About 80% of patients with hemiballism experience immediate onset after stroke, whereas in the others, it is delayed by days, weeks, or months with the longest reported delay being 5 months.4 As mentioned earlier, with time, the ballistic movements become less severe and resemble chorea.11,12 While early studies described hemiballism as a grave disorder with inexorable progression to death within weeks, more recently reported cases show evidence of a more benign course and spontaneous recovery.4 Dewey et al.5 reported spontaneous recovery in 24% of cases (n = 21). Survival rate was reported to be 88% after 3 years, with stroke responsible for most deaths, particularly for deaths soon after onset of the movement disorder.3
Most patients develop the hemichorea within a few days of stroke. Although rare, hemichorea has been described as a manifestation of a transient ischemic attack. When chorea is observed in the setting of cerebrovascular disease, the clinician should consider the possibility of underlying vasculitis (e.g., systemic lupus erythematosis) or vasculopathy (e.g., paraproteinemia). Chorea has been described in the setting of stroke due to circulating antiphospholipid antibodies.13 While the choreic movement does not differ between patients with lesions in different regions, prognosis does vary depending on the location of the lesion. In one study, 85% of patients with cortical lesions and 54% of those with basal ganglia lesions recovered completely, but none of the patients with isolated lesions in the STn recovered.6
An important condition to distinguish from stroke-induced chorea is hyperglycemic chorea, which often presents acutely as hemichorea and may have basal ganglia hyperintensities on MRI. It occurs in the setting of non-ketotic hyperglycemia (usually blood glucose greater than 400 mg %) and has been attributed to hyperosmolarity.14,15 Both the involuntary movements and MRI changes are reversible with appropriate treatment of the hyperglycemia. It has been suggested that individuals of Asian descent are more likely to experience this condition.
Ballism and chorea typically respond to the same therapies. The most commonly reported pharmacological treatments have been dopamine receptor blockers, particularly haloperidol.5,6,16–17 One study reported that 56% of patients with hemiballism treated with haloperidol experienced resolution of symptoms in 3–15 days.3 Other reported treatment options include clonazepam and diazepam,6 topiramate, tetrabenazine,18 valproic acid, and, in severe and persistent cases, local intramuscular injections of botulinum toxin or ventrolateral thalamotomy.19,20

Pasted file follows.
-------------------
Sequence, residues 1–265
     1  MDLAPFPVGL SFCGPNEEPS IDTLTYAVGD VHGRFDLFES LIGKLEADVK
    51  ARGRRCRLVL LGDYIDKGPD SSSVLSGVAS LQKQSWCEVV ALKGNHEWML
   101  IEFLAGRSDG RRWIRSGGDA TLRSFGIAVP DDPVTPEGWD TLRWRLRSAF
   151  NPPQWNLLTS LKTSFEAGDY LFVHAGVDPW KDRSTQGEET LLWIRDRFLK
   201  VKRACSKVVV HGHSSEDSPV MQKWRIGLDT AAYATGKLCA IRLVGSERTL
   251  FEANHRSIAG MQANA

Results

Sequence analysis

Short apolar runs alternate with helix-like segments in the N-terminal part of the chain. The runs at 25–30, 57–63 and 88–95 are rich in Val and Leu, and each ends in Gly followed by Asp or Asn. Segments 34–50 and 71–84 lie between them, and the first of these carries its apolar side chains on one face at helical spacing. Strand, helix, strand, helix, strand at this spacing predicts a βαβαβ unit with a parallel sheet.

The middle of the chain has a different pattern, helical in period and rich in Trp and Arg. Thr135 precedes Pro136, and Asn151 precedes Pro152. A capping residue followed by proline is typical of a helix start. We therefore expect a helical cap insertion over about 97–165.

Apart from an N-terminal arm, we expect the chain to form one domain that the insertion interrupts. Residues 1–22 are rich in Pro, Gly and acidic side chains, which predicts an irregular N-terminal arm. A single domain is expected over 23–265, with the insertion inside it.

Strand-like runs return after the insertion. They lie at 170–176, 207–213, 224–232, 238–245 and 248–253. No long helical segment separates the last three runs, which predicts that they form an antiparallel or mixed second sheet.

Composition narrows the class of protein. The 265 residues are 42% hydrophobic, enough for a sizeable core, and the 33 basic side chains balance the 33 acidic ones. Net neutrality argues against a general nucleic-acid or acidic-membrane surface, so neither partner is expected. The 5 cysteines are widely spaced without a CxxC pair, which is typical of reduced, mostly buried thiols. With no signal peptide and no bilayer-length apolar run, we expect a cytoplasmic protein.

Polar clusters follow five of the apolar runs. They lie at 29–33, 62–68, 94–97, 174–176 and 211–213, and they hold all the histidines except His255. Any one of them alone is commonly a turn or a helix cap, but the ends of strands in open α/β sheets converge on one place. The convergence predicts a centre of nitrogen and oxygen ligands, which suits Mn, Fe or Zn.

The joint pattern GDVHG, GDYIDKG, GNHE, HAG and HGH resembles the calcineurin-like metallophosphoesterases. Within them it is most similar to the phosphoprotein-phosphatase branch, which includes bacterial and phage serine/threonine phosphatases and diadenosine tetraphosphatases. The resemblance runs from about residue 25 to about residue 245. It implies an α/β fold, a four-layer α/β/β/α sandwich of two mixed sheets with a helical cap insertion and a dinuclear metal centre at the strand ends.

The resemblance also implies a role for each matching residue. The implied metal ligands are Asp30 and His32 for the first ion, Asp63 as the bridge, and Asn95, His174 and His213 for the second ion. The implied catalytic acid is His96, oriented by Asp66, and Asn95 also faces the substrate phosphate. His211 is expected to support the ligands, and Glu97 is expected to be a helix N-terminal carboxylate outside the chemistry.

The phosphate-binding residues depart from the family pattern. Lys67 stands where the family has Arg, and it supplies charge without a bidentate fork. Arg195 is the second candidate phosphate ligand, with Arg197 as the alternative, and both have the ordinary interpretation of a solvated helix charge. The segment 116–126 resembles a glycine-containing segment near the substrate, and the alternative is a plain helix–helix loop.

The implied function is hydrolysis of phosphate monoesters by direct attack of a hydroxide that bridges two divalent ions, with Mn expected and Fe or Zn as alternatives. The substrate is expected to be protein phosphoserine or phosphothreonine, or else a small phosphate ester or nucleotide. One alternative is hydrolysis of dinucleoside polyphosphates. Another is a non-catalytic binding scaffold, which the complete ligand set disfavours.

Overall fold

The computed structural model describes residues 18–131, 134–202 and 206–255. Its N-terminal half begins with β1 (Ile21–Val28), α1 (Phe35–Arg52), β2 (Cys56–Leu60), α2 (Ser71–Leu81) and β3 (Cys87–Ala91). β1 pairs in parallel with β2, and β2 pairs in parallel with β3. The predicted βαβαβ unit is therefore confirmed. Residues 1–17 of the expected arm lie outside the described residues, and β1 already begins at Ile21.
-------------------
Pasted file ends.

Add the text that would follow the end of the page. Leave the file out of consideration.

In one series of patients with post-stroke chorea, while 56% of the cases resolved within 40 days, other patients had chorea lasting as long as 41 months.6 Despite absence of published support, we generally treat disabling ballism or chorea with the atypical dopamine antagonist drug risperidone since it tends to have fewer side effects than the classical neuroleptics like haloperidol.
Dystonia consists of involuntary sustained muscle contractions causing twisting and repetitive movements or abnormal postures. After hemiballism-hemichorea, dystonia is the second most common movement disorder after stroke, representing about 20% of cases,1 and often taking the form of focal or hemidystonia. Stroke is the most common cause of hemidystonia, accounting for nearly 50% of all cases.21 Nearly all cases of hemidystonia with onset after the age of 50 are due to stroke.22,23 Post-stroke dystonia has been attributed to lesions of the putamen (the most common site of isolated lesions causing dystonia), caudate, pallidum, thalamus, and the midbrain.22–24 It has been suggested that dystonia can be induced by an interruption of the cortico-striato-pallido-thalamo-cortical loop.25 This disturbance, proposed to be caused by specific lesions of the sensorimotor part of the striatiopallidal complex and/or the putamen, is thought to increase thalamocortical drive, which in turn induces dystonia.25 This hypothesis is consistent with positron emission tomography (PET) studies, which have shown increased activity in cortical motor areas in patients with acquired hemidystonia from striatopallidal lesions.26 In each case, the affected cortical motor area received input from the pallidonigral thalamic territory.26